The new legislation for regulating recommendation algorithms is a collaboration of four Chinese government agencies and is the most comprehensive set of rules in this field so far. In a world governed by algorithms, it is necessary to set limits on the control artificial intelligence has over society.
The fear that the most intimate details of our daily lives are being constantly monitored is unfortunately not the only problem with recommendation algorithms: the current algorithmic system also has far-reaching consequences for the free market. Many Chinese e-commerce companies have been accused of inhibiting competition by using unfair practices that exploit users' browsing history and personal data. What most fuels monopolistic competition in the Chinese market is the practice of big data analytics, a process through which many companies misuse the profiles and consumption habits of existing customers to price their products at higher prices. Among the companies fined for practising algorithmic discrimination are some of the biggest giants of the Chinese economy, such as the multinational e-commerce leader Alibaba, delivery giant Meituan and entertainment company Tencent. The CCP is demanding greater transparency on how the algorithms used work, allowing customers to gain more control over what data companies can use. The new CAC provisions on algorithmic discrimination play an important role in the antitrust 4.0 legislation: banning the excessive use of recommendation algorithms could correct monopolistic practices and anti-competitive behaviour in the digital market.
Another goal that the party hopes to achieve through the rectification campaign of digital platforms is to stop the creation and spread of fake news or information whose sources have not been verified. The latter proposal, however, is completely at odds with the media circus concerning the alleged US origin of the Coronavirus. Until a few months ago, there was a popular theory on social media that saw the virus as an American disease introduced by members of the Fort Detrick army in October 2019. This hypothesis was reinforced through the figure of Wilson Edwards, an alleged Swiss biologist who later turned out to be a creation of a Chinese cybersecurity company.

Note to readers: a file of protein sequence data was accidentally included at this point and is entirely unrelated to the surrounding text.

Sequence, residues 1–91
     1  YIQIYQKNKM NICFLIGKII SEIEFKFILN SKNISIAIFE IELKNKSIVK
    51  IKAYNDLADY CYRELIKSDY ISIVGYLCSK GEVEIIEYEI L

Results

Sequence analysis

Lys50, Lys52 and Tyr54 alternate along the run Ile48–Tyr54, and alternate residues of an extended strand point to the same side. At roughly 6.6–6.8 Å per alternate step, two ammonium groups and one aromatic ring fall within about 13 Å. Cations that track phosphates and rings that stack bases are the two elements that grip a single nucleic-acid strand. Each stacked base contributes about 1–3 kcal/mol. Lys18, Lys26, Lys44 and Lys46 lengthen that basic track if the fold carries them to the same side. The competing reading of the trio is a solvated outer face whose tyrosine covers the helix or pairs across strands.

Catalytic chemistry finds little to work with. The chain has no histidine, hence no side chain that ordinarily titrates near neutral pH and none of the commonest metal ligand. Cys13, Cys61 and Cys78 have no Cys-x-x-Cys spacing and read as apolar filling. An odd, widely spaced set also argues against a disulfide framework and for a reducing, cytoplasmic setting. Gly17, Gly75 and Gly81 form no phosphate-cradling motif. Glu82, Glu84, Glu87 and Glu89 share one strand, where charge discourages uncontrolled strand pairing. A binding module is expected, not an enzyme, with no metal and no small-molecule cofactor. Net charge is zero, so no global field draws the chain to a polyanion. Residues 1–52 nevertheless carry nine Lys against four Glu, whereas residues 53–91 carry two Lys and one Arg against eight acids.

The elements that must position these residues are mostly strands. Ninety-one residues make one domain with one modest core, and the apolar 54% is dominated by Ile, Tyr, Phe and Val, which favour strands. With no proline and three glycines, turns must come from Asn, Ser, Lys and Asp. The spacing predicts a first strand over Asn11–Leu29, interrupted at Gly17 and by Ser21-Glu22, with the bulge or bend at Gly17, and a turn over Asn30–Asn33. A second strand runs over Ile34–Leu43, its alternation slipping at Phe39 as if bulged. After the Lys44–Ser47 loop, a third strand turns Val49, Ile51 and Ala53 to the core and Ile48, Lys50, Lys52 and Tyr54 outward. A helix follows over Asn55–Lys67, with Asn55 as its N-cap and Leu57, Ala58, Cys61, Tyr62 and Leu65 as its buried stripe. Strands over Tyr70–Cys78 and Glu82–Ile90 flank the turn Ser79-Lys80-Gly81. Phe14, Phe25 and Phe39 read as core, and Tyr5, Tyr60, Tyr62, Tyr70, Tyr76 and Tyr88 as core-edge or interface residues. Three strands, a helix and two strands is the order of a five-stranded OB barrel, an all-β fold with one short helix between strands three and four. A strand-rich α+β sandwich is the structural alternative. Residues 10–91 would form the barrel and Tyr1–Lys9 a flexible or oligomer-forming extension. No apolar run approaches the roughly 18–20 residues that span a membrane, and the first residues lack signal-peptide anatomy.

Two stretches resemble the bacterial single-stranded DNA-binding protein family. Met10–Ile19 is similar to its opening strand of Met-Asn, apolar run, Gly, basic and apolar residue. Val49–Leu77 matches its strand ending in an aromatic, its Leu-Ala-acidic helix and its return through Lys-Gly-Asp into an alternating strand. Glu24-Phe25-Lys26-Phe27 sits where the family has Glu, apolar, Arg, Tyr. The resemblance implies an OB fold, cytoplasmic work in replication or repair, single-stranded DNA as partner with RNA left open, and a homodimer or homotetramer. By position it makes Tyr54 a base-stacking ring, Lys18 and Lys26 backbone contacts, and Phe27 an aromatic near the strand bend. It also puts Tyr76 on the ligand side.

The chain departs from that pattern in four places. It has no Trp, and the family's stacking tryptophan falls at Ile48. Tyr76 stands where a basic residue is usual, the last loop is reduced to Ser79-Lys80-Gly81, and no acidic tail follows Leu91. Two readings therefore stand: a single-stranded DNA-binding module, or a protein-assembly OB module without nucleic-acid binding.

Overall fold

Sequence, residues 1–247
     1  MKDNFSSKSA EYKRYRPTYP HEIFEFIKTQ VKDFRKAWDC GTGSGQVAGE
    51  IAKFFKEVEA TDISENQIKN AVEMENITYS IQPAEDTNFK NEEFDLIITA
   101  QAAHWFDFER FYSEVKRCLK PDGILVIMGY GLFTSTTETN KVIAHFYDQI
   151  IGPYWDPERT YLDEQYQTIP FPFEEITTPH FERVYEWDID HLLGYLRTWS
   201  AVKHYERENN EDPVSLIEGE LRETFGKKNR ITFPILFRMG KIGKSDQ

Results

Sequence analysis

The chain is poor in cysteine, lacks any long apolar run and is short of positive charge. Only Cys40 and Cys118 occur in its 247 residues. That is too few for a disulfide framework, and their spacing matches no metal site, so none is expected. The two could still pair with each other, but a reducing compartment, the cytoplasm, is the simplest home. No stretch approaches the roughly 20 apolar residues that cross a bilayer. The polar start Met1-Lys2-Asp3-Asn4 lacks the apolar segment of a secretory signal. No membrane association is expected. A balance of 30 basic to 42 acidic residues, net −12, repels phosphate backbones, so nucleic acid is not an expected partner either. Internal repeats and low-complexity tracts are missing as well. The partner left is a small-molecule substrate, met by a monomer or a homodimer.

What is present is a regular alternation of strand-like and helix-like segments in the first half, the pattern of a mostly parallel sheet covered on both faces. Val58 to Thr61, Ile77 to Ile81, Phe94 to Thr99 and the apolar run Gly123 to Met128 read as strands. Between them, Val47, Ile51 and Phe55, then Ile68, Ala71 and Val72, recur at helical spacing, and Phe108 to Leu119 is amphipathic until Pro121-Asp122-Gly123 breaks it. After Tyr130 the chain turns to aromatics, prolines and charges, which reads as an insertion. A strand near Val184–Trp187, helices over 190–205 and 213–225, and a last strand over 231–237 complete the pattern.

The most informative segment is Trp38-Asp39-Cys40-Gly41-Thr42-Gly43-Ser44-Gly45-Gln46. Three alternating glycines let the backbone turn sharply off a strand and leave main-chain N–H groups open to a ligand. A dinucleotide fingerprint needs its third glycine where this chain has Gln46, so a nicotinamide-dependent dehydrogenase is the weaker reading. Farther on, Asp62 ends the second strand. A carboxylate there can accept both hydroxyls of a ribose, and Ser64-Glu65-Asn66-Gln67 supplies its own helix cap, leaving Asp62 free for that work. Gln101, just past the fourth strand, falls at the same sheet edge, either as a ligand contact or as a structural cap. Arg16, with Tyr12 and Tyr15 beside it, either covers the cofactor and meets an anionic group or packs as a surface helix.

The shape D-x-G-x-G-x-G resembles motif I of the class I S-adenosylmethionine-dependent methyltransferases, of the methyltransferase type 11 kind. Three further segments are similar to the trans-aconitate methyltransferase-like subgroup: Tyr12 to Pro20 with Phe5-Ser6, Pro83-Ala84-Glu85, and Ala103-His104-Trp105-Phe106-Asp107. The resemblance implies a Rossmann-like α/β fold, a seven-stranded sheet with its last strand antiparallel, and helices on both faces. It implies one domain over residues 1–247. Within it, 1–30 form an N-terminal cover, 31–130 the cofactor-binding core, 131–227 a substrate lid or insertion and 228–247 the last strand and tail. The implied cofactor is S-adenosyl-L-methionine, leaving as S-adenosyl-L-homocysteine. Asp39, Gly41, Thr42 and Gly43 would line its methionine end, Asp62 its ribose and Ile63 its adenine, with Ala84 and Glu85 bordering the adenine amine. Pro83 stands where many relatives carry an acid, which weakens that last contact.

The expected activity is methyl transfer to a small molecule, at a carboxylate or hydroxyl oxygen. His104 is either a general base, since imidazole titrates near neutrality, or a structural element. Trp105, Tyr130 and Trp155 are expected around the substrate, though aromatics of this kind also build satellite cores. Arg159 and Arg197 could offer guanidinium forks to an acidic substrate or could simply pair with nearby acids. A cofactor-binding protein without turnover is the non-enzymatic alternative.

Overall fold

The new legislation also requires all recommendation algorithms capable of influencing public opinion to be subject to careful review. It is unclear, however, whether the purpose is to protect citizens from scams and social instability or instead a desperate attempt of the Party not to lose face at a time of such high media coverage.
The campaign to rectify the recommendation algorithms could also be a double-edged sword: on the one hand it could put an end to the illegal exploitation of users' personal data, but on the other hand it could increase media censorship, thus making the Party the only true Chinese influencer.
Emma Mazzei has recently obtained her bachelor’s degree in Language, Culture and Society of Asia and Mediterranean Africa, majoring in Chinese Language from Ca’ Foscari University of Venice and she is now enrolled in a Double Joint Degree programme at Beijing Capital Normal University. During her studies, she mostly focused on contemporary Chinese society and Chinese linguistics. She is very passionate about gender studies and she is keen on researching opportunities to achieve gender equality in China and the European Union alike.
The opinions expressed here are those of the writers and do not represent the views of European Guanxi.